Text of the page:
inner join genomas_locus on locus_sequence.locus = genomas_locus.locus
where pangenoma.gene = 'tetC';

>GCA_000008285_01152016|GCA_000008285_02480|tetC
ATGGAAAAGAAGCGGACTCGGGCAGAAGAATTAGGAATAACTAGAAGAAAAATTTTGGATACAGCACGTGATTTATTTATGGAAAAGGGTTACCGGGCAGTTTCAACAAGAGAAATAGCTAAAATTGCCAACATTACCCAACCGGCACTATATCACCACTTTGAAGATAAAGAATCCCTATATATTGAAGTGGTTCGTGAATTGACGCAAAATATCCAAGTGGAAATGCATCCAATTATGCAAGTGACCAAAGCAAAAGAAGAACAATTACATGATATGTTAATTATGTTAATTGAGGAACATCCAACCAATATTCTATTAATGATTCACGATATTCTTAATGAAATGAAACCAGAAAATCAATTTTTACTTTATAAATTATGGCAAAAAACCTATTTGGAACCATTTCAACTATTTTTTGAGCGTCTAGAAAATGCTGGCGAATTGCGTGATGGTGTCAGTGCTGAGACTGCTGCGAGATACTGTTTGTCCACTATTAGCCCTCTTTTTTCTGGGAAAGGCAGCTTTGCGCAAAAGCAAACGACTACAGAACAAATTGATGAATTAATCAACTTAATGATGTTTGGTATATGTAAAAAAGAGGTATAA
>GCA_000021185_01152016|GCA_000021185_00131|tetC
ATGGAAAAGAAGCGGACTCGAGCAGAAGAATTAGGAATAACCAGAAGGAAAATCCTTGATACAGCAAGGGATTTATTTATGGAAAAAGGGTACCGGGCAGTCTCGACAAGAGAAATTGCTAAAATTGCCAAAATTACCCAACCAGCACTTTATCACCATTTTGAAGATAAAGAATCACTTTATATTGAAGTAGTTCGTGAATTGACGCAAAATATTCAAGTGGAAATGCACCCAATTATGCAAACGAGCAAAGCAAAAGAAGAACAACTGCATGATATGTTAATCATGTTAATTGAGGAGCATCCAACCAATATTCTGCTAATGATTCATGATATTCTTAATGAAATGAAGCCAGAAAATCAATTTTTACTTTATAAATTGTGGCAAAAAACCTATTTAGAACCATTTCAAGACTTTTTTGAGCGATTAGAAAATGCTGGCGAATTGCGTGATGGTATCAGTGCTGAGACCGCTGCGAGATACTGTTTATCCACTATTAGCCCGCTTTTTTCAGGGAAAGGTAGCTTTGCGCAAAAGCAAACGACTACAGAACAAATCGATGAATTAATCAACTTAATGATGTTTGGCATATGTAAAAAAGAGGTATAA
>GCA_000026705_01152016|GCA_000026705_02479|tetC
ATGGAAAAGAAGCGGACTCGGGCAGAAGAATTAGGAATAACTAGAAGAAAAATTTTGGATACAGCACGTGATTTATTTATGGAAAAGGGTTACCGGGCAGTTTCAACAAGAGAAATAGCTAAAATTGCCAACATTACCCAACCGGCACTATATCACCACTTTGAAGATAAAGAATCCCTATATATTGAAGTGGTTCGTGAATTGACGCAAAATATCCAAGTGGAAATGCATCCAATTATGCAAGTGACCAAAGCAAAAGAAGAACAATTACATGATATGTTAATTATGTTAATTGAGGAACATCCAACCAATATTCTATTAATGATTCACGATATTCTTAATGAAATGAAACCAGAAAATCAATTTTTACTTTATAAATTATGGCAAAAAACCTATTTGGAACCATTTCAACTATTTTTTGAGCGTCTAGAAAATGCTGGCGAATTGCGTGATGGTGTCAGTGCTGAGACTGCTGCGAGATACTGTTTGTCCACTATTAGCCCTCTTTTTTCTGGGAAAGGCAGCTTTGCGCAAAAGCAAACGACTACAGAACAAATTGATGAATTAATCAACTTAATGATGTTTGGTATATGTAAAAAAGAGGTATAA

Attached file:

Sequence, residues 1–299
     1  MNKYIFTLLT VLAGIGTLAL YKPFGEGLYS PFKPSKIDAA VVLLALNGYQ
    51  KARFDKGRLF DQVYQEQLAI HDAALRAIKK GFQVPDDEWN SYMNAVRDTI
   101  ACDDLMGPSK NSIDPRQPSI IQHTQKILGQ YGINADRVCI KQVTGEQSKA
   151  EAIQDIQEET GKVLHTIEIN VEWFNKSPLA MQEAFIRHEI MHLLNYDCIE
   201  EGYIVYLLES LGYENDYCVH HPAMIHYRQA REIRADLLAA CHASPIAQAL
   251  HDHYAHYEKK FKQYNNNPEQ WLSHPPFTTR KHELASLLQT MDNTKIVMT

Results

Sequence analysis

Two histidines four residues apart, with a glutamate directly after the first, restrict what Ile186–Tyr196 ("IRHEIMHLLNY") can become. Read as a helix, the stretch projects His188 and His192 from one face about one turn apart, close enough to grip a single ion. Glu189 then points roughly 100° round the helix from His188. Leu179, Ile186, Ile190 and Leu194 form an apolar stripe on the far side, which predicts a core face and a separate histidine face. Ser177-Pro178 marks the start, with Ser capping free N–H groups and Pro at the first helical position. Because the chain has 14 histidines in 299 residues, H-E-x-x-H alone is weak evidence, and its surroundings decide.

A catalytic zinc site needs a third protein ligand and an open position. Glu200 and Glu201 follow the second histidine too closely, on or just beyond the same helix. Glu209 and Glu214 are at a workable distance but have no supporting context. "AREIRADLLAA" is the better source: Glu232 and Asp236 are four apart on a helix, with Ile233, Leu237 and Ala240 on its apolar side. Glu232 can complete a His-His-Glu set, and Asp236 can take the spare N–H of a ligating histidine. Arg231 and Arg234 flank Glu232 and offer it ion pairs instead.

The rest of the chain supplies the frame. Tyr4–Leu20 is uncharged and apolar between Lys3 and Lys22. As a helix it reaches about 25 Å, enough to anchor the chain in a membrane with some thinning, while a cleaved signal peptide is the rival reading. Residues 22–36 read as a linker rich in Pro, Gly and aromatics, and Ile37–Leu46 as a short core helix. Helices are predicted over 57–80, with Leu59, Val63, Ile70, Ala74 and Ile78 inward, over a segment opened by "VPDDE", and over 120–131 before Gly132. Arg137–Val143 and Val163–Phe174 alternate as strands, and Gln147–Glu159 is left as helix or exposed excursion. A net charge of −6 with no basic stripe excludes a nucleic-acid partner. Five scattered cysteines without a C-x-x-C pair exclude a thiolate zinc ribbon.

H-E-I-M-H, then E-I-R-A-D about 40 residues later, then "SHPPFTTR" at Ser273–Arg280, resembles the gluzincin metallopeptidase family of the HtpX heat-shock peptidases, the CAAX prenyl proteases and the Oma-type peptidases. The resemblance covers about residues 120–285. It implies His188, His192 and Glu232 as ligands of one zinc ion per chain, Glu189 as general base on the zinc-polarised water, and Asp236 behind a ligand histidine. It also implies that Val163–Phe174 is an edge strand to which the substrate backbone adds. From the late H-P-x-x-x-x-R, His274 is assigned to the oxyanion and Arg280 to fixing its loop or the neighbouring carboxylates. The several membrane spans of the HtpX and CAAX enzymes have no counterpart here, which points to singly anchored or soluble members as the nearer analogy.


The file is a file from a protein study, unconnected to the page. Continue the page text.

>GCA_000168635_01152016|GCA_000168635_02549|tetC
ATGGAAAAGAAGCGGACTCGAGCAGAAGAATTAGGAATAACTAGAAGAAAAATTTTGGATACAGCACGTGATTTATTTATGGAAAAGGGTTACCGGGCAGTTTCTACAAGAGAAATAGCTAAAATTGCTAACATTACCCAACCGGCACTTTATCATCACTTTGAAGATAAAGAATCCCTATATATTGAAGTGGTTCGTGAATTGACGCAAAATATCCAGGTGGAAATGCATCCAATTATGCAAACGAACAAAGCAAAAGAAGAACAATTACATGATATGTTAATTATGTTAATTGAGGAACATCCCACCAATATTCTATTAATGATTCACGATATTCTTAATGAAATGAAACCAGAGAATCAATTTTTACTTTATAAATTATGGCAAAAAACCTATTTAGAACCATTTCAACAATTTTTTGAGCGTCTAGAAAATGCTGGTGAATTGCGTAATGGTATCAGTGCTGAGACCGCTGCAAGATACTGTTTGTCCACTATTAGCCCTCTTTTTTCAGGGAAAGGTAGCTTTGCGCAAAAGCAAACGACTACAGAACAAATCGATGAATTAATCAACTTAATGATGTTTGGCATATGTAAAAAAGAGGTATAA
>GCA_000168815_01152016|GCA_000168815_01572|tetC
ATGGAAAAGAAGCGGACTCGGGCAGAAGAATTAGGAATAACTAGAAGAAAAATTTTGGATACAGCACGTGATTTATTTATGGAAAAGGGTTACCGGGCAGTTTCAACAAGAGAAATAGCTAAAATTGCCAACATTACCCAACCGGCACTATATCACCACTTTGAAGATAAAGAATCCCTATATATTGAAGTGGTTCGTGAATTGACGCAAAATATCCAAGTGGAAATGCATCCAATTATGCAAGTGACCAAAGCAAAAGAAGAACAATTACATGATATGTTAATTATGTTAATTGAGGAACATCCAACCAATATTCTATTAATGATTCACGATATTCTTAATGAAATGAAACCAGAAAATCAATTTTTACTTTATAAATTATGGCAAAAAACCTATTTGGAACCATTTCAACTATTTTTTGAGCGTCTAGAAAATGCTGGCGAATTGCGTGATGGTGTCAGTGCTGAGACTGCTGCGAGATACTGTTTGTCCACTATTAGCCCTCTTTTTTCTGGGAAAGGCAGCTTTGCGCAAAAGCAAACGACTACAGAACAAATTGATGAATTAATCAACTTAATGATGTTTGGTATATGTAAAAAAGAGGTATAA
>GCA_000196035_01152016|GCA_000196035_02552|tetC
ATGGAAAAGAAGCGGACTCGAGCAGAAGAATTAGGAATAACTAGAAGAAAAATTTTGGATACAGCACGTGATTTATTTATGGAAAAGGGTTACCGGGCAGTTTCTACAAGAGAAATAGCTAAAATTGCCAACATTACCCAACCGGCACTGTATCATCACTTTGAAGATAAAGAATCCCTATATATTGAAGTGGTTCGTGAATTGACGCAAAATATCCAGGTGGAAATGCATCCAATTATGCAAACGAACAAAGCAAAAGAAGAACAATTACATGATATGTTAATTATGTTAATTGAGGAACATCCCACCAATATTCTATTAATGATTCACGATATTCTTAATGAAATGAAACCAGAGAATCAATTTTTACTTTATAAATTATGGCAAAAAACCTATTTAGAACCATTTCAACAATTTTTTGAGCGTCTAGAAAATGCTGGTGAATTGCGTAATGGTATCAGTGCTGAGACCGCTGCAAGATACTGTTTGTCCACTATTAGCCCTCTTTTTTCAGGGAAAGGTAGCTTTGCGCAAAAGCAAACGACTACAGAACAAATCGATGAATTAATCAACTTAATGATGTTTGGCATATGTAAAAAAGAGGTATAA

And thats its all. we get all sequences in fasta format of tetC gene.

Citation

Seemann T.
Prokka: rapid prokaryotic genome annotation
Bioinformatics 2014 Jul 15;30(14):2068-9.
PMID:24642063

Andrew J. Page, Carla A. Cummins, Martin Hunt, Vanessa K. Wong, Sandra Reuter, Matthew T. G. Holden, Maria Fookes, Daniel Falush, Jacqueline A. Keane, Julian Parkhill.
Roary: Rapid large-scale prokaryote pan genome analysis
Bioinformatics 2015 Jul 20. pii: btv421
PMID: 26198102